**Problem**: (1999 IMC Day 1 - #2) Does there exist a bijective map $ f(n): \mathbb{N} \rightarrow \mathbb{N} $ so that $ \displaystyle \sum_{n=1}^{\infty} \frac{f(n)}{n^2} $ is finite?

**Solution**: Consider the bijective map $ f_k(n): \{1,2, \ldots, k\} \rightarrow \{1,2, \ldots k\} $ and the sum $ \displaystyle S_k = \sum_{n=1}^k \frac{f_k(n)}{n^2} $. Since the sets

$ \{1, 2, \ldots, k \} $ and $ \{\frac{1}{1^2}, \frac{1}{2^2}, \cdots, \frac{1}{k^2} \} $

are oppositely ordered, by Rearrangement we have

$ \displaystyle S_k \ge \frac{1}{1^2}+\frac{2}{2^2}+\cdots+\frac{k}{k^2} = \sum_{n=1}^k \frac{1}{n} $.

Hence $ \displaystyle \lim_{k \rightarrow \infty} S_k \ge \lim_{k \rightarrow \infty} \sum_{n=1}^k \frac{1}{n} = \infty $, so the answer is no. QED.

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Comment: Basically, knowledge of the Rearragement inequality killed this problem. It's also useful to know what a bijective map is - a function $ f:A \rightarrow B $ where $ A $ and $ B $ are sets such that for any $ x, y \in A $ we have $ f(x) = f(y) \Rightarrow x = y $ and for any $ b \in B $ there exists $ x \in A $ such that $ f(x) = b $. A lot of higher level math is vocabulary and notation, which is sort of a pity, but that's just how it is.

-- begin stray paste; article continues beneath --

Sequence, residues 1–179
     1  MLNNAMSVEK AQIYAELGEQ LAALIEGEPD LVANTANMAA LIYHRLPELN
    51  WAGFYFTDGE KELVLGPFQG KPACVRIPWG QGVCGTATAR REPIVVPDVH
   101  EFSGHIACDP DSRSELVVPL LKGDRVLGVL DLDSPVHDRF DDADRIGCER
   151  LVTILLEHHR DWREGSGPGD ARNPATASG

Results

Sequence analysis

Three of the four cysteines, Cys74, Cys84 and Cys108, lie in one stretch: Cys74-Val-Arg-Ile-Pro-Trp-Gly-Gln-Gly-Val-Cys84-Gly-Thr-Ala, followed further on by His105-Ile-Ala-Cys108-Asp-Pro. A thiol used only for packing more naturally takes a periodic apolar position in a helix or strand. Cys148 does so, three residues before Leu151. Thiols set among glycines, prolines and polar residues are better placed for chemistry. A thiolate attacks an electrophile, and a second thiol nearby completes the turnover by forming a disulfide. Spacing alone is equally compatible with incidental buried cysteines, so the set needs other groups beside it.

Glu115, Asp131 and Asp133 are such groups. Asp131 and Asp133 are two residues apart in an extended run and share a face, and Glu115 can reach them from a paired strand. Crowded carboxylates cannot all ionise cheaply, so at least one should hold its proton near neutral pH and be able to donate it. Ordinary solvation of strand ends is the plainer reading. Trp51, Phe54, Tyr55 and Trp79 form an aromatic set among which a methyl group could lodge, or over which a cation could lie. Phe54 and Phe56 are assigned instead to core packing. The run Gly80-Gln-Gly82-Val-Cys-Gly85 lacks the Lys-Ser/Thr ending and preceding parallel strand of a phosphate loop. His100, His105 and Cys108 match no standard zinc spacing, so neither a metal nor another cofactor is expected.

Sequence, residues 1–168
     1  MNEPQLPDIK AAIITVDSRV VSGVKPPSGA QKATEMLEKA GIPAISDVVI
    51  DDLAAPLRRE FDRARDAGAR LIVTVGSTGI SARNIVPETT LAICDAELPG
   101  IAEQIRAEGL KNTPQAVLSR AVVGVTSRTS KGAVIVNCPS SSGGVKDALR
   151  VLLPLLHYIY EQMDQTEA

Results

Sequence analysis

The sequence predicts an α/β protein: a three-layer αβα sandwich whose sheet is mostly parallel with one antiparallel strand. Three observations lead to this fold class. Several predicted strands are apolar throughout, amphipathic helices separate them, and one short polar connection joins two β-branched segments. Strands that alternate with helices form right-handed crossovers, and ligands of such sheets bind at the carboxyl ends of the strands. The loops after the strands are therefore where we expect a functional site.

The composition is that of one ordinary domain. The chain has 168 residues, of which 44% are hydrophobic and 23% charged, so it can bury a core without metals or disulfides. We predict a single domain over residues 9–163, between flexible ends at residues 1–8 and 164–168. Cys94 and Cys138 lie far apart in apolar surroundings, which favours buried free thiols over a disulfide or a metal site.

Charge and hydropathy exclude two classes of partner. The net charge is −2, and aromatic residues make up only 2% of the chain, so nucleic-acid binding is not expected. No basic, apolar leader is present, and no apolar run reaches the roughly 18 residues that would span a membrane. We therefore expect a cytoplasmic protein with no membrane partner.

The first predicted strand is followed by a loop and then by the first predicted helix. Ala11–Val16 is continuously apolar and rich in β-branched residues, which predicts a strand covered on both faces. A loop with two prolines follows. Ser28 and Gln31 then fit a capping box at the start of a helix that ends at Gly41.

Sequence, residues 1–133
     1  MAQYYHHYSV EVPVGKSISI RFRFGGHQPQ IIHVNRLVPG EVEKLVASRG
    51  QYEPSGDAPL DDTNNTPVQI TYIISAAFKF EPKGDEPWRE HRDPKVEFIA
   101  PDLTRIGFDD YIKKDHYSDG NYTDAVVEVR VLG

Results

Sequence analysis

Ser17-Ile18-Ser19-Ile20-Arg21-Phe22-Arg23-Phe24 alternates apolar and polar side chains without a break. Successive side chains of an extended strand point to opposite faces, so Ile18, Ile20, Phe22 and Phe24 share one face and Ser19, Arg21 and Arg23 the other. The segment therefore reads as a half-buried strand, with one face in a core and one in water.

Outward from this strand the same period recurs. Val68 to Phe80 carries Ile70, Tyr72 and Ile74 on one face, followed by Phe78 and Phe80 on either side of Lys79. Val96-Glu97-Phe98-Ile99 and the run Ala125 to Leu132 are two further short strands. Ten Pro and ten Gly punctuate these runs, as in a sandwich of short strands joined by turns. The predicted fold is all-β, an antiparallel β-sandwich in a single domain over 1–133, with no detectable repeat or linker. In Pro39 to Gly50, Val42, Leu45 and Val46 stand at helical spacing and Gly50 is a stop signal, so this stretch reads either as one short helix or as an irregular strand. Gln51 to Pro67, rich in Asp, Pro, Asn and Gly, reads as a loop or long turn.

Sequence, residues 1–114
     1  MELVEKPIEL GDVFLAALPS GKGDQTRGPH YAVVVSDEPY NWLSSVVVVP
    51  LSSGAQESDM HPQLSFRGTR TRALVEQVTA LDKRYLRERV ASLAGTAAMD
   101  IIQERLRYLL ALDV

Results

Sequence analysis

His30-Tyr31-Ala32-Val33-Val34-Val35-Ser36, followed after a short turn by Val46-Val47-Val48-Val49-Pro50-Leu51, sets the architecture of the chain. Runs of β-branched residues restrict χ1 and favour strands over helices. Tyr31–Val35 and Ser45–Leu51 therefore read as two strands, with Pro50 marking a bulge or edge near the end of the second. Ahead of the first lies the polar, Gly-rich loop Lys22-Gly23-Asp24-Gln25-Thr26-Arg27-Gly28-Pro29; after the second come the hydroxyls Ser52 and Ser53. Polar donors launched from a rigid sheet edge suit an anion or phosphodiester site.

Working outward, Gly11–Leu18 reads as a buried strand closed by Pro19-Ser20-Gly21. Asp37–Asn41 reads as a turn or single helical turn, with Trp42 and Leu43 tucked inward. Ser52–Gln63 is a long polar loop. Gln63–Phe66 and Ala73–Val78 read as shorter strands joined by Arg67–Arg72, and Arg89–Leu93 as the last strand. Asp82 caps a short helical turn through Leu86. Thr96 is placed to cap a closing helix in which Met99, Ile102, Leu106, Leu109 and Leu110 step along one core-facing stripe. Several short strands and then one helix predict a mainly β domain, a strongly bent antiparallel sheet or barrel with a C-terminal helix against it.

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Practice Problem: Evaluate $ \displaystyle \int_0^{\infty} e^{-x^2}dx $.

lol not that i would have ever gotten it by myself but i know now =) (rootpi/2) but thanks again for showing me on the board ^^ even though it killed my brain for a bit

ReplyDeleteHaha np.

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